The Devil in the White City

This history of the 1893 World's Fair tells the story of an architect and a serial killer. | A book review by

I got this book for Christmas, after discussing with my roommates how interested I was in the book, gruesome as it promised to be. I spent about two weeks around the holidays in a haze of sickness, so I spent a lot of time reading (and, let’s be honest, watching Phineas and Ferb on Netflix) and sped through this book in a couple of days.

If you’re not familiar with the premise, this book talks about the history of the 1893 World’s Fair in Chicago, in particular the lives and actions of Daniel Hudson Burnham, the fair’s architect, and Henry H. Holmes, one of the first and most famous serial killers in the United States. Burnham spent his days solving problems in the still-developing city of Chicago, trying to overcome the swampy land selected for the fairgrounds, the threat of disease and economic turmoil, the snobbery of the east coast toward Chicago, and the bureaucratic entanglements of the fair’s leaders. Holmes, on the other hand, used his considerable charm and good looks to lure young women into his “hotel,” where he killed many of them in chillingly creative ways.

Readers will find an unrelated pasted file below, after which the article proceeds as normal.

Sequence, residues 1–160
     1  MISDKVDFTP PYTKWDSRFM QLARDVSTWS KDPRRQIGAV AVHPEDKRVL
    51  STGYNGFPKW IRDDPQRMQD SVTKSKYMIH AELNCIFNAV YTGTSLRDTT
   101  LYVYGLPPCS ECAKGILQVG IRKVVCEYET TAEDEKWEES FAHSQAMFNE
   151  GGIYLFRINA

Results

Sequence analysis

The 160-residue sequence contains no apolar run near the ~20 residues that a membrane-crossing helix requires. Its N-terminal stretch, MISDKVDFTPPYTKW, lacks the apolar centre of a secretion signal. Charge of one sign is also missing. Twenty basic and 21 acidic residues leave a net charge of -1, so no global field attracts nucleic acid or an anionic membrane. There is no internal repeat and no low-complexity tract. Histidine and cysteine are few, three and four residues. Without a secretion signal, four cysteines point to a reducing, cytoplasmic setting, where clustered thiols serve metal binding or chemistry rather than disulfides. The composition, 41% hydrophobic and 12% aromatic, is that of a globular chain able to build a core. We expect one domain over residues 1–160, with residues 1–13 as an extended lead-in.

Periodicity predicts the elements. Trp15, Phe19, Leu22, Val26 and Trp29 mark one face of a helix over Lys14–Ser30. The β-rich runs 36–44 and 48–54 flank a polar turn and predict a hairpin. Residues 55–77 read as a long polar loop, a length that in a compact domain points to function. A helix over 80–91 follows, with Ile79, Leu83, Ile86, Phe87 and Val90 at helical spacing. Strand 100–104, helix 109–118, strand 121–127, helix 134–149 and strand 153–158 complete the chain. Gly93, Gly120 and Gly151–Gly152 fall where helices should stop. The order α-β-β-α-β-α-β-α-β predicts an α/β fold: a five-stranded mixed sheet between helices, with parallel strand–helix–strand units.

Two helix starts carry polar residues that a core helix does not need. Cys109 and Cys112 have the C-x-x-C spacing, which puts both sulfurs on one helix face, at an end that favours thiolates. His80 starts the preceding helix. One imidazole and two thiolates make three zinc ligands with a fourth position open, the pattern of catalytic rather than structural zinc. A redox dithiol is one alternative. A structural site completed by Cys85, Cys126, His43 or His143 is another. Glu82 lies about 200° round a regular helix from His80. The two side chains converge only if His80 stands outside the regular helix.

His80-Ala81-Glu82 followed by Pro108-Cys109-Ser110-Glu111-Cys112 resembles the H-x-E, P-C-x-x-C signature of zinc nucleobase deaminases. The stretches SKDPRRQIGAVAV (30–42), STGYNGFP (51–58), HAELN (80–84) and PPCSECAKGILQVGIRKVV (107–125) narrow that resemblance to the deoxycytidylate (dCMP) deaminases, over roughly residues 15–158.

Larson does a good job of switching back and forth between the two men’s lives, giving us their backstory but always tying things back to the World’s Fair. I knew a fair amount about the Chicago World’s Fair, but I never knew the struggles that the builders and designers faced in reaching their deadlines and getting enough people to come to the fair to make it worthwhile. And it wasn’t until a couple of years ago that I heard of H.H. Holmes, the serial killer who benefited so much from the World’s Fair landing right outside his door. His story was fascinating, albeit kind of terrifying. Holmes seemed to have an incredible ability to charm and con people, and he had a real (and disturbing) interest in murdering people once he was finished with them. He had his home, later branded the “World’s Fair Hotel,” built by many different builders so that none of them would know the true extent of the things he wanted installed, including a walk-in vault that could be turned into a gas chamber, a dissection table, and a crematorium. (Needless to say, although Larson never veers into gruesome detail, this book is not for the faint of heart!)

Although I sometimes got bored with the intricacies of how the fair was built, on the whole, I really enjoyed this book. It’s a close-up look at one of the biggest peacetime events in American history, and the look into the light and dark sides of the World’s Fair makes this book a really interesting read.

Rating: Pretty Darn Good

About Monica

I am obsessed with all things books. I'm a music teacher by day and a freelance editor by night.

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